(3) Without limiting subsection (2), an authority may be given so as to authorise 2 or more persons to execute documents jointly on behalf of the Board. (4) A document is duly executed by the Board if— (a) the common seal of the Board is affixed to the document in accordance with this section; or (b) the document is signed on behalf of the Board by a person or persons in accordance with an authority given under this section. Division 3—Operations of Board 21—Functions of Board (1) The Board has the following functions: (a) to plan for, promote, and provide advice about, the effective management of dogs and cats throughout South Australia; (b) to oversee the administration and enforcement of the provisions of this Act relating to dogs, including— (i) monitoring the administration and enforcement of this Act by councils; and (ii) issuing guidelines and providing advice to councils about— (A) planning for the effective management of dogs; (B) training for dog management officers; (C) the appropriate level of administration and enforcement in the circumstances prevailing in the area; (D) the issuing of orders or related directions under this Act; (E) the standard of facilities used for the detention of dogs under this Act; (F) the keeping of registers under this Act and the issuing of certificates of registration and registration discs; (G) any other matter related to the administration or enforcement of the provisions of this Act relating to dogs; and (iii) otherwise providing support and assistance to councils; (ba) to accredit dogs as disability dogs, guide dogs or hearing dogs;

Dog and Cat Management Act 1995—1.2.2010 Part 2—Dog and Cat Management Board and Fund Division 3—Operations of Board 12 This version is not published under the Legislation Revision and Publication Act 2002 [9.2.2010] (c) to inquire into and consider all proposed by-laws referred to it under this Act, with a view to promoting the effective management of dogs and cats, and, to the extent that the Board considers it appropriate, the consistent application of by-laws throughout South Australia; (d) to advise the Minister or the LGA, either on its own initiative or at the request of the Minister or the LGA, on the operation of this Act or issues directly relating to dog or cat management in South Australia; (e) to undertake or facilitate research relating to dog or cat management; (f) to undertake or facilitate educational programs relating to dog or cat management; (g) to keep this Act under review and make recommendations to the Minister with respect to the Act and regulations made under the Act; (h) to carry out any other function assigned to the Board by the Minister or by or under this Act.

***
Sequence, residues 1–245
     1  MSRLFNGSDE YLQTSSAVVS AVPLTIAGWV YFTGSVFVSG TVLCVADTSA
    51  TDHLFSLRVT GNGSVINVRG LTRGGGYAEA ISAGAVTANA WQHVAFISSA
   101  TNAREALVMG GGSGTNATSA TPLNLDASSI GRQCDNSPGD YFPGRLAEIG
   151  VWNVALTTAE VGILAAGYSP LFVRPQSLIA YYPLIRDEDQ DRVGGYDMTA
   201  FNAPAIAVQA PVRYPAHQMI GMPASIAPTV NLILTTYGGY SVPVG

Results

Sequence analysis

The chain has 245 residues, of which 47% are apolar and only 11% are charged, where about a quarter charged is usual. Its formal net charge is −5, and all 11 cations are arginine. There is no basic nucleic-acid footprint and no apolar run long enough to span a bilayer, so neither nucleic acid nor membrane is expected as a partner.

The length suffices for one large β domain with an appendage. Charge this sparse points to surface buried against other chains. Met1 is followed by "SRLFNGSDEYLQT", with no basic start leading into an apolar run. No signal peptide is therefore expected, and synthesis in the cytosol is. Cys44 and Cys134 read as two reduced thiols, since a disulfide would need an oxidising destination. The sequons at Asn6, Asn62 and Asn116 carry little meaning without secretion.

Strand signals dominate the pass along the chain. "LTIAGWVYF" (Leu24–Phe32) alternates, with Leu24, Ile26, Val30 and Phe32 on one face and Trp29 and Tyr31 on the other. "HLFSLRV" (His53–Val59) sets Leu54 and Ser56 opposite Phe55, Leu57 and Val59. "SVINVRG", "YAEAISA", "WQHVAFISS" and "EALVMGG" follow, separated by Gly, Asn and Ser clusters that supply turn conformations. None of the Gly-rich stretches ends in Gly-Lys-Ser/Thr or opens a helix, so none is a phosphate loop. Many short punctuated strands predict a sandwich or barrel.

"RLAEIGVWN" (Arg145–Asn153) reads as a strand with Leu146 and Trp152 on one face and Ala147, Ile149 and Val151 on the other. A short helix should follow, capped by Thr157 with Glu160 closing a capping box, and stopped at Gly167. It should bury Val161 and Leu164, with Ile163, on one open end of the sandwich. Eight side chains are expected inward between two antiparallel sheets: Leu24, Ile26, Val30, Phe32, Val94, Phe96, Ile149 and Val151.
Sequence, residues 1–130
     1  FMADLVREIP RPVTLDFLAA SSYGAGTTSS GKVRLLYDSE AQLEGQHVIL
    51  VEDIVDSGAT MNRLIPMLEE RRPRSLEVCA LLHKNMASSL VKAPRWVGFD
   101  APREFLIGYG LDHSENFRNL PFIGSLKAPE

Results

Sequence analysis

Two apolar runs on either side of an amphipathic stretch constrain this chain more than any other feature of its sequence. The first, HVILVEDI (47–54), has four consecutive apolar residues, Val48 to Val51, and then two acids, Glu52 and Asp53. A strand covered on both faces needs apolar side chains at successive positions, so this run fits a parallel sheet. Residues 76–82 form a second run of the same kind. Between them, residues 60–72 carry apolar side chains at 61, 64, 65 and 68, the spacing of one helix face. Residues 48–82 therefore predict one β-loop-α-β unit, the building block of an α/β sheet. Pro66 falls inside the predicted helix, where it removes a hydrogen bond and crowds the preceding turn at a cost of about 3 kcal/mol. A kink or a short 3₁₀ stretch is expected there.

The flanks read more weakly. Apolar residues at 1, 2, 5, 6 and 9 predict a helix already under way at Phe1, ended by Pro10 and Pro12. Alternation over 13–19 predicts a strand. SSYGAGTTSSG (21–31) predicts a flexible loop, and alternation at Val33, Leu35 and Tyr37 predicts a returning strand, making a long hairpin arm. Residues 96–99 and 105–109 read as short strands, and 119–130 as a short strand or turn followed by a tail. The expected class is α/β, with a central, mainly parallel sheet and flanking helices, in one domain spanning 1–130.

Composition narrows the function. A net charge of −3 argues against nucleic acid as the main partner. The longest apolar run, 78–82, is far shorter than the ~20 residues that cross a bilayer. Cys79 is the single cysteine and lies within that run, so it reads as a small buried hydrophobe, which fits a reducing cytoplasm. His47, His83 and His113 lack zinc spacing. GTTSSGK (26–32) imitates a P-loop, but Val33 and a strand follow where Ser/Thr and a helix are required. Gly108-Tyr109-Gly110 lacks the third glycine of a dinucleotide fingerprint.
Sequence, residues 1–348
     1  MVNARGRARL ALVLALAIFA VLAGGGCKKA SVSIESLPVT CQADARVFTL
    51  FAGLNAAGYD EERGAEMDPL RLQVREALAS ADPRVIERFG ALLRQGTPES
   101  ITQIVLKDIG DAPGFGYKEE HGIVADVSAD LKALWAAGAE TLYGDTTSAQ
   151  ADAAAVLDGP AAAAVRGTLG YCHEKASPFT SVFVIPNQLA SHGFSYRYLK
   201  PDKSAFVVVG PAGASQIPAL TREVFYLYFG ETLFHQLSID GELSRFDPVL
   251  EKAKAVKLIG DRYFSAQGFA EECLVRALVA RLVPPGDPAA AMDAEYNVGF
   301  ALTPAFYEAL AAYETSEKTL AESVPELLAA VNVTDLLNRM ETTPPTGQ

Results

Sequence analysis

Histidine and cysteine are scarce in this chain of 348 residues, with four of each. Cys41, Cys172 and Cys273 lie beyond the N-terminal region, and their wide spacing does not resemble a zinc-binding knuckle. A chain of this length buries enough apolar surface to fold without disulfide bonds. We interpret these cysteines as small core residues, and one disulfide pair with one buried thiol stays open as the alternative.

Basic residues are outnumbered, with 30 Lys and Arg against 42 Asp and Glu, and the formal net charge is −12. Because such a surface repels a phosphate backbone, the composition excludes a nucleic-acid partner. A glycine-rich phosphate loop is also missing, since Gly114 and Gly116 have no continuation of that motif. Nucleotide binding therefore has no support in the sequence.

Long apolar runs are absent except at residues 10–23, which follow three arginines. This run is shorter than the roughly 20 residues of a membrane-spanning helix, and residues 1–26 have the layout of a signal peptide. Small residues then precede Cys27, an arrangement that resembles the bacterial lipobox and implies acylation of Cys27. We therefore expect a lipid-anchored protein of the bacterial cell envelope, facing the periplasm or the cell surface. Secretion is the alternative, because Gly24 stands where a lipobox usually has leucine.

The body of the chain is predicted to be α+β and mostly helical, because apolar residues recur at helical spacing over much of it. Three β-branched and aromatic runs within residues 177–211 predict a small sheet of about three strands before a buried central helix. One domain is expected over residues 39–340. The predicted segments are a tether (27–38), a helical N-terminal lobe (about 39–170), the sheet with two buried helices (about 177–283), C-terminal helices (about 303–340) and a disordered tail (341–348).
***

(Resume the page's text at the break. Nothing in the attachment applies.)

(2) The Board's functions may extend to providing the following services as the Board thinks fit: (a) the accreditation of training programs for dogs and owners; (b) the accreditation of procedures for testing the behaviour of dogs; (c) the carrying out of any other function relating to responsible dog and cat ownership or the effective management of dogs and cats. (3) The Board may fix a fee for providing a service under subsection (2). 21A—Accreditation of disability dogs, guide dogs etc (1) The Board may, on application, accredit a dog, or renew the accreditation of a dog, as— (a) a disability dog; or (b) a guide dog; or (c) a hearing dog.

(2) An application for accreditation must— (a) be made to the Board in the manner and form approved by the Board; and (b) be accompanied by the fee fixed by the Board.